Subfalcine herniation

Last revised by Khalid Alhusseiny on 27 Apr 2023

Subfalcine herniation, also known as midline shift or cingulate hernia, is the most common type of cerebral herniation. It is generally caused by unilateral frontal, parietal or temporal lobe disease that pushes ipsilateral cingulate gyrus beneath the free edge of the falx cerebri to the opposite side due to raised intracranial pressure 4. Subfalcine herniation frequently occurs anteriorly rather than posteriorly because posterior falx cerebri is more rigid than the anterior ones 4.

Radiographic features


The easiest method of evaluating for subfalcine shift is a straight line drawn in the axial plane, at the level of the foramen of Monro, and measuring the distance between this line and the displaced septum pellucidum. The shift of the septum pellucidum from this midline can be measured in millimeters and compared over time to determine any change 4.

In more severe hernias, the displaced tissue may compress the corpus callosum and contralateral cingulate gyrus as well as the ipsilateral lateral ventricleforamen of Monro, causing dilation of the contralateral lateral ventricle

Subfalcine hernias occur anteriorly, as the anterior falx (although rigid) is displaced, secondary to mass effect. The posterior falx, on the other hand, is more rigid and will resist the displacement.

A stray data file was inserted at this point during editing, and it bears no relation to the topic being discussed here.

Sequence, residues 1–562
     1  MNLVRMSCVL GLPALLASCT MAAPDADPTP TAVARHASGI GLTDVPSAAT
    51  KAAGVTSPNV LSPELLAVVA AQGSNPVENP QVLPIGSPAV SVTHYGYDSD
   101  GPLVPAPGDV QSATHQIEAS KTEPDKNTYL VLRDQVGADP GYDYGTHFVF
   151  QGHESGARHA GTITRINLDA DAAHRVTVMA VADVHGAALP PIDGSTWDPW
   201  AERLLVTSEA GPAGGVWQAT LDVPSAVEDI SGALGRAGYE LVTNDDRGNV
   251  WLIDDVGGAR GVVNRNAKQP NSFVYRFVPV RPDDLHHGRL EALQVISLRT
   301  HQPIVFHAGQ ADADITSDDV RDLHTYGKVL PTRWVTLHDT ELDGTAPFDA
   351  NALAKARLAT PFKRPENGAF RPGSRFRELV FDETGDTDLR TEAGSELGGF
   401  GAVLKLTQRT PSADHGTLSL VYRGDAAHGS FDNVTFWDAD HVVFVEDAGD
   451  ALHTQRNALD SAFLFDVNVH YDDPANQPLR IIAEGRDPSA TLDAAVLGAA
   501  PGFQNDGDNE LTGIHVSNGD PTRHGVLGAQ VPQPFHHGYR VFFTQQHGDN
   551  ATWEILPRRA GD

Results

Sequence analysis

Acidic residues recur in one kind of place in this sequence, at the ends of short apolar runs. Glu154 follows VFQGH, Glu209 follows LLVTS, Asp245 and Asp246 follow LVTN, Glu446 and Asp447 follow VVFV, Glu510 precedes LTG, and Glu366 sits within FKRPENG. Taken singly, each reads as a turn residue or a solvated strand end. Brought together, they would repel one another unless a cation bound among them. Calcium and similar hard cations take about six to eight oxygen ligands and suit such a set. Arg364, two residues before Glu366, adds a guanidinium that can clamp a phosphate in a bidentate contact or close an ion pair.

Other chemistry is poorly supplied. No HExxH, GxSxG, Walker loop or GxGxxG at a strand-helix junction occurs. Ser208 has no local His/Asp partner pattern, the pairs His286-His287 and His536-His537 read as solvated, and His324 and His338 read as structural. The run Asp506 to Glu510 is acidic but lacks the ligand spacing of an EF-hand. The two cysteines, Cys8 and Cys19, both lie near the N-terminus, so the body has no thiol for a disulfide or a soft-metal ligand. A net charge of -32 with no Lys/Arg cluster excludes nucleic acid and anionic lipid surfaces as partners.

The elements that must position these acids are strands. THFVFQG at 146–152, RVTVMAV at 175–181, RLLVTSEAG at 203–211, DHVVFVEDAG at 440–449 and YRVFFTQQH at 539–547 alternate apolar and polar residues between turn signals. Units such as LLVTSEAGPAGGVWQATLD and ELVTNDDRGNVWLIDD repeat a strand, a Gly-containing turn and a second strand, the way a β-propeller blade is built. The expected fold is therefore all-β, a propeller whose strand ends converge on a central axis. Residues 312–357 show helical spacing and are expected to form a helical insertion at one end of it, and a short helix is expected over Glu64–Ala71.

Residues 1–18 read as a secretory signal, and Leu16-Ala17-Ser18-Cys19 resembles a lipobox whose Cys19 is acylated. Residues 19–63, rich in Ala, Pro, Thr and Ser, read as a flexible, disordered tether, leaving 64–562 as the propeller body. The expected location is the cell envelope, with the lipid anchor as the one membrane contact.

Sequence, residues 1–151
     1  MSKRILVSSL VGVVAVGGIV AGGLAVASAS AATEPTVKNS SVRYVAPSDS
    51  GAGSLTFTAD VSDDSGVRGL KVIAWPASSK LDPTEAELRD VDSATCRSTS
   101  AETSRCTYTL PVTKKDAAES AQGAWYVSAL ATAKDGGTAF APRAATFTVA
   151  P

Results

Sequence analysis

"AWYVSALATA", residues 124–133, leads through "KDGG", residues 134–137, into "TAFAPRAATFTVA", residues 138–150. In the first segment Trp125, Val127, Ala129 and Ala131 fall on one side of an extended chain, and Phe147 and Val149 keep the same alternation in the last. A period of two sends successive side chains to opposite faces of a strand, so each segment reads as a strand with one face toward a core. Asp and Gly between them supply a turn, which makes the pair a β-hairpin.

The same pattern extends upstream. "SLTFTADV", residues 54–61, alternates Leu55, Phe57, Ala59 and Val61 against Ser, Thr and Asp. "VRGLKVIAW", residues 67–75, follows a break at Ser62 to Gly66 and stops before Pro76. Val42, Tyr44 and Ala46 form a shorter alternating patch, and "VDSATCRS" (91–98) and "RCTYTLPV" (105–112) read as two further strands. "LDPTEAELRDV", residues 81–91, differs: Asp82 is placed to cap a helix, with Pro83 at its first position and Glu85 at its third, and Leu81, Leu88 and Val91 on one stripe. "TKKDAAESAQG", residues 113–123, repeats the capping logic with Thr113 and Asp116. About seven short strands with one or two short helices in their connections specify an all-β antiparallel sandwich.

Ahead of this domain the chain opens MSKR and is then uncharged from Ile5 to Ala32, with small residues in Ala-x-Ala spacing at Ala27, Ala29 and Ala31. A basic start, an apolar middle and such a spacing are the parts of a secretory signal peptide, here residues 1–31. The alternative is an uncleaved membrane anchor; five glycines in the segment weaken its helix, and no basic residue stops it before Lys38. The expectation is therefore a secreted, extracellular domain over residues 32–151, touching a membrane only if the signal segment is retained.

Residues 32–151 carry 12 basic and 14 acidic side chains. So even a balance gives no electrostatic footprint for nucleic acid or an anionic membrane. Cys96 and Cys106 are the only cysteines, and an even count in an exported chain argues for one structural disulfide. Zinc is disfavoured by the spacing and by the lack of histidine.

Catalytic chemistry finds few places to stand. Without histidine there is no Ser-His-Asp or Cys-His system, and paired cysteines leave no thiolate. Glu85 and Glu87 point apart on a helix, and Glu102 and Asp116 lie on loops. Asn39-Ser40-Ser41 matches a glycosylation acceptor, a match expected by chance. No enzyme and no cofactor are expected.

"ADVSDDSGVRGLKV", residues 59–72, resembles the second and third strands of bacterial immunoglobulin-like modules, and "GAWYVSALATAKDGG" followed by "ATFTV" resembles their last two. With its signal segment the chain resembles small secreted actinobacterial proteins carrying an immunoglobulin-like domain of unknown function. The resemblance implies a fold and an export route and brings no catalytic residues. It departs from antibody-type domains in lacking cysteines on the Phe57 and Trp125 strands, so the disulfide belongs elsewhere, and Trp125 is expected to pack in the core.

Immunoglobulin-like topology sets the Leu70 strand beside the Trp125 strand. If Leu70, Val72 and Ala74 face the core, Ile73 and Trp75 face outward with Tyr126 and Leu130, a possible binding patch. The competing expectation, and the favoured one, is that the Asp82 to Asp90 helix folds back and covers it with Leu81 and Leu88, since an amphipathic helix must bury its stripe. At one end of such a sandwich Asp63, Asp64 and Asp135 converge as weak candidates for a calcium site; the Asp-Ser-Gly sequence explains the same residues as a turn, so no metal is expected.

Findings are best visualized on coronal MR imaging 4. Unilateral mass effect from pathology in the frontal, parietal or temporal region, such as intracranial hemorrhage or tumor, causes displacement of the brain away from the mass. 

Treatment and prognosis

In subfalcine herniation, the degree of midline shift correlates with the prognosis; less than 5 mm deviation has a good prognosis, whereas a shift of more than 15 mm is related to a poor outcome 4


Subfalcine herniation compresses the ipsilateral ventricle and obstructs the foramen of Monro, causing contralateral hydrocephalus 4.

Anterior cerebral artery (ACA) territory infarction occurs as the cingulate sulcus extends under the falx dragging the ipsilateral branch of ACA with it, specifically the pericallosal artery. If this becomes compressed against the falx, distal anterior cerebral artery infarction can occur, the most common clinical manifestation being contralateral leg weakness 4

Focal necrosis of the cingulate gyrus due to direct compression against the falx cerebri 4.

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